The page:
Gail Emms shares her Olympic memories and predictions for Rio 2016

10 August 2015 - 2:40pm
Rio 2016

With the Rio Olympics just one year way, Champions Celebrity spoke exclusively to 2004 Badminton Mixed Doubles silver medallist Gail Emms about her recollections of Athens and how she sees the 2016 Games.

What broad-brush themes do you recall from your Olympic experience in 2004?

“Looking back on Athens, it was my first Olympics and, if I’m honest, I found the whole experience pretty overwhelming and stressful. I’d been to championships and the Commonwealth Games before but this was on an altogether different scale. I’d dedicated 4 years of my life to it and, when I got there, I entered a bubble where I had to control my emotions. When it was all over, I had to release the pressure and all the ‘my body is a temple’ stuff went straight out the window - party time! What I will tell you, though, is that an Olympic medal is worth a lot of free drinks! But you know what? I still can’t really watch the final. If I did I’d just be saying “Argh, you should’ve done this, you should’ve done that!” It’d really frustrate me, so I keep away from it.”

If you could change anything about it, what would it be?

“It went by in a bit of a blur and happily Nathan and I got to the final where I felt I ought to have had more self-belief. They won the first set but we grabbed the next one and were ahead in the last set. Perhaps if I’d had more experience I might have known how to handle the situation better and see out the match.”

Did the experience have a surreal quality?

“At the time we didn’t realise how much we’d got people’s hopes up as we were living in the bubble but when I got home I heard six million people had been watching the final. I couldn’t believe it. Life had changed beyond recognition. I went into the BOA offices and they reeled off a list of media interviews they’d lined up for us – we weren’t quite opening the proverbial supermarket but Nathan and I were in massive demand all of a sudden and neither of us had really had the chance to take any of it in.”

How did you find dealing with the media in Athens?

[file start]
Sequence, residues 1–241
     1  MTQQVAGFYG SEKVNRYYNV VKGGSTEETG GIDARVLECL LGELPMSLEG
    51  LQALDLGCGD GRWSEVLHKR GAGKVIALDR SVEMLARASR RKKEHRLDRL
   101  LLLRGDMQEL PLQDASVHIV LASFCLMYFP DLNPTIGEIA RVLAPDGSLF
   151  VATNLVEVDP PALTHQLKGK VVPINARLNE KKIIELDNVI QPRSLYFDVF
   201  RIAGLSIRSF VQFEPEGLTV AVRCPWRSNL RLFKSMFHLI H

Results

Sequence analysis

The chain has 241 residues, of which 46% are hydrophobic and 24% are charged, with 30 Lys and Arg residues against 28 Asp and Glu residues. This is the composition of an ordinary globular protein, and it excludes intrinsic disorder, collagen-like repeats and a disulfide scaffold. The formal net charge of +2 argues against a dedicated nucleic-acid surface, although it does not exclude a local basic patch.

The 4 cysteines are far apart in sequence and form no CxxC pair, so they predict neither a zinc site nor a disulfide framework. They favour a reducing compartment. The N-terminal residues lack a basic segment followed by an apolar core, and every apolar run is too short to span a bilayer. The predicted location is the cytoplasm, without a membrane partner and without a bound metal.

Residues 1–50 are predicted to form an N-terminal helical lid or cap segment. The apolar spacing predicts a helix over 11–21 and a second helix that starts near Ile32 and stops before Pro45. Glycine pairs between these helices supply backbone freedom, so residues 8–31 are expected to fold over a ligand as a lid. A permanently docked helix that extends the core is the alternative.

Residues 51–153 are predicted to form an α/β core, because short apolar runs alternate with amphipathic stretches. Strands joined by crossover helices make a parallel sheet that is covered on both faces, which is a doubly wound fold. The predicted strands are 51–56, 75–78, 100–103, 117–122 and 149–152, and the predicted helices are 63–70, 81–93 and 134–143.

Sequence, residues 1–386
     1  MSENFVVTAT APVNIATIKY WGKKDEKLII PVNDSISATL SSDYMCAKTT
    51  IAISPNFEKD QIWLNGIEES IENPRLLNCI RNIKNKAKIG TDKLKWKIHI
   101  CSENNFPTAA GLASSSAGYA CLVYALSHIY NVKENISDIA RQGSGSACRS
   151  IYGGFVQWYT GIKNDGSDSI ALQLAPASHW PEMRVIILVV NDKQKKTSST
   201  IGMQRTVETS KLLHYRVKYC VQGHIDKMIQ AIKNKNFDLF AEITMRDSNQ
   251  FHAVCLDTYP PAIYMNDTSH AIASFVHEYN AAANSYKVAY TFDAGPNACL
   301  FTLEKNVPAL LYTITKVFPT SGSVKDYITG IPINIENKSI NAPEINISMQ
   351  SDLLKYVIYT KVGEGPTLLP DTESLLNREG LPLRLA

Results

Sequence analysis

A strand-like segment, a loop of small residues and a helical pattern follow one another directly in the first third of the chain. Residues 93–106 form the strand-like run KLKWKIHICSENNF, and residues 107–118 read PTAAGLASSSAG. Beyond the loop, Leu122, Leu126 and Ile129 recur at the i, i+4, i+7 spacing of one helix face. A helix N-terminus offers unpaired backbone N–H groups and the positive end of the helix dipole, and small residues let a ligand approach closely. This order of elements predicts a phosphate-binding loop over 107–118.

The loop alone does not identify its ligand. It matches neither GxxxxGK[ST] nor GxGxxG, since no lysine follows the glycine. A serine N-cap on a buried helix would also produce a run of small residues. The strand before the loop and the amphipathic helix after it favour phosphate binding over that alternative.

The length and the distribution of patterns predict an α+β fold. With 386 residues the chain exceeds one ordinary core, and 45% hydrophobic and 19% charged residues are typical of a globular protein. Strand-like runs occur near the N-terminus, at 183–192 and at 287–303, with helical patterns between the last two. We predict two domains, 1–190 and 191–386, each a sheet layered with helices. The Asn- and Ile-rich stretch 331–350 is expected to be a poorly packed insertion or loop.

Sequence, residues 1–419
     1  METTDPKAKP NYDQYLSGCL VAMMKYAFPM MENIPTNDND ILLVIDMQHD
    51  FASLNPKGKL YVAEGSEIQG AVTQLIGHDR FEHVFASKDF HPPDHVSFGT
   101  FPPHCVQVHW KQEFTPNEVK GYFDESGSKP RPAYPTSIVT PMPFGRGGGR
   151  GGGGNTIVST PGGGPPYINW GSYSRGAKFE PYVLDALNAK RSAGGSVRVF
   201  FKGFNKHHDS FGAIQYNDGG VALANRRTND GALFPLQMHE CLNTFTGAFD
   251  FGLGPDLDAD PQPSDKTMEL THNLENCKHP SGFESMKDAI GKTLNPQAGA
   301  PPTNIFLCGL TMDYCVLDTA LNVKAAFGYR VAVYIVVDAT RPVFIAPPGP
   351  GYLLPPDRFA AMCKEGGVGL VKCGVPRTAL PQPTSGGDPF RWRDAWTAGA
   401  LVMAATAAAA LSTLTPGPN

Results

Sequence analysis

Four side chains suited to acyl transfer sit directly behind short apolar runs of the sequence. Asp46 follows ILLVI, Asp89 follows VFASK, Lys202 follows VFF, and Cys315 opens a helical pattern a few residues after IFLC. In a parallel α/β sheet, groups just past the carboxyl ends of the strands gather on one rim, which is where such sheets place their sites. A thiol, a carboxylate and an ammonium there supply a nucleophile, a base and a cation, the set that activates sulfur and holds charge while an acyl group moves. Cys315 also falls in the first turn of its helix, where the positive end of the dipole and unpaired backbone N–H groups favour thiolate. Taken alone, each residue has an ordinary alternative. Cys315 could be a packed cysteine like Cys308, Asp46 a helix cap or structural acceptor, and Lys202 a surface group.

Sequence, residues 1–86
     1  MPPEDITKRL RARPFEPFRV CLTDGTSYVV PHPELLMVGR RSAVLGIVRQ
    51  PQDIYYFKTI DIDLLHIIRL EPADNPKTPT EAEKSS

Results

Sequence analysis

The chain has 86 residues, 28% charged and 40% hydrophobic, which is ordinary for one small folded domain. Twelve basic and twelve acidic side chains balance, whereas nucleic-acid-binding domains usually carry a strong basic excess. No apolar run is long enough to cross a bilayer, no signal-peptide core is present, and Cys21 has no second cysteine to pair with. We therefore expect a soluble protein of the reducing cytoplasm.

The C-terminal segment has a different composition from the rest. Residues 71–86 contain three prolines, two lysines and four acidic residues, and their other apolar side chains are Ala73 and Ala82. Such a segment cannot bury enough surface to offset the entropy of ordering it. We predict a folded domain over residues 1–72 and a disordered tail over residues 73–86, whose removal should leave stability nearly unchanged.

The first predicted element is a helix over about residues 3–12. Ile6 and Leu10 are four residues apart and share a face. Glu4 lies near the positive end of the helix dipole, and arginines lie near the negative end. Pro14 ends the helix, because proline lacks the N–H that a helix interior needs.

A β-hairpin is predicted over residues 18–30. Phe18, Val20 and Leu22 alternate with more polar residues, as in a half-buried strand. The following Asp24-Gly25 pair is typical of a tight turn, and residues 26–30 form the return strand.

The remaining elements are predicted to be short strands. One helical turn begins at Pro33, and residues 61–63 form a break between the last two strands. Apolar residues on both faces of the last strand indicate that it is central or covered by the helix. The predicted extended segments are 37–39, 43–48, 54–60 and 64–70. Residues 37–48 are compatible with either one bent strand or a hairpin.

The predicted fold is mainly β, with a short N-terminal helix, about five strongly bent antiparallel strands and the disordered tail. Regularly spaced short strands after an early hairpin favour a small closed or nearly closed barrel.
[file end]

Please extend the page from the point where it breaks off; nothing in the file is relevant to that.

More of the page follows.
“Doing so many interviews and stuff during the Olympics, you barely even notice who’s asking the questions or which outlet it’s for. You have to mask your emotions – you can’t blurt out how nervous you are because your competitors will get wind and jump right on it. I remember consciously tempering my answers, trying to assume some kind of aura of cool, calm and collected – whether it worked or not, I don’t know.”

How do you see the Badminton competition panning out in Rio?

“It will more than likely be about Asian dominance again. They’re really well-resourced, have a great mentality and in a lot of places it’s their national sport. Even though they’re fiercely competitive themselves, European players are always going to be up against it. They have less money behind them and usually have to travel twice as far to qualify. I miss the excitement of big competitions but I don’t miss the stress of qualification at all. I don’t think it’s the best qualifying system we could have.”

How is the British team shaping up?

“Chris and Gabby Adcock have the potential to medal in the Mixed Doubles and with all the hard work they put in I think they’d deserve it. Raj Ouseph can beat anyone on his day and has strung some brilliant results together – if he can do that then he’ll be in with a shout. Kirsty Gilmour’s only 21 and improving all the time, so Rio will hopefully be a great experience for her and she can continue to progress her game. With a bit of luck, and you can never discount the possibility of injuries and upsets in qualifying, we might get pairings in the Men’s or Ladies’ Doubles. That would be great for the sport in this country. The more exposure it gets with the public, the more people will hopefully take it up. It’s the same with the National Badminton League, which has freshened things up and added interest – it’s all good!”

How do you rate Rio as an Olympic city?

“I couldn’t tell you whether Rio’s a good place to stage and Olympics or not. You can be sure they’ve learnt a lot from holding the World Cup in Brazil last year, so I’m sure it’ll go off with a bang. We all know the Brazilians like a party and that’s essentially what the Olympics are.

“As an athlete it doesn’t really matter where you are in the world. You just have to get on and play to the best of your ability, seal yourself off from whatever else is happening and do what you’ve trained so hard to do. That said, in Athens I remember going up the Acropolis because it was there and had to be done – it was absolutely scorching that day and, having to walk all the way up, I thought I was going to die.”

Image credit: Filipe Frazao /